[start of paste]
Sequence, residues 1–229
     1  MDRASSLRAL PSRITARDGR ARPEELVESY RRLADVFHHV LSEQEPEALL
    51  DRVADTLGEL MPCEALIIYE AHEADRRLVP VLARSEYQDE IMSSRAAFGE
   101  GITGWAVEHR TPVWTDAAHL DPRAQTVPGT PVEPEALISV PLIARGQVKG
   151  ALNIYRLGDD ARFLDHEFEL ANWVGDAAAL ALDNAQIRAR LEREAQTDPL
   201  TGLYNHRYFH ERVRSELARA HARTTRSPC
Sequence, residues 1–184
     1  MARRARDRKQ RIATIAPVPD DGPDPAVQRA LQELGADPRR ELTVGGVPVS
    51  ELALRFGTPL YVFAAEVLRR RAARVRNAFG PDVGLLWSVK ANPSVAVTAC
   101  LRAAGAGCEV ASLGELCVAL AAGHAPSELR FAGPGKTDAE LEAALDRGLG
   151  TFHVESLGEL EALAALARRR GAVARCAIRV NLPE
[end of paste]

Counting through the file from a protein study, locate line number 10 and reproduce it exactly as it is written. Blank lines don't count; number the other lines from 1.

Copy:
   101  LRAAGAGCEV ASLGELCVAL AAGHAPSELR FAGPGKTDAE LEAALDRGLG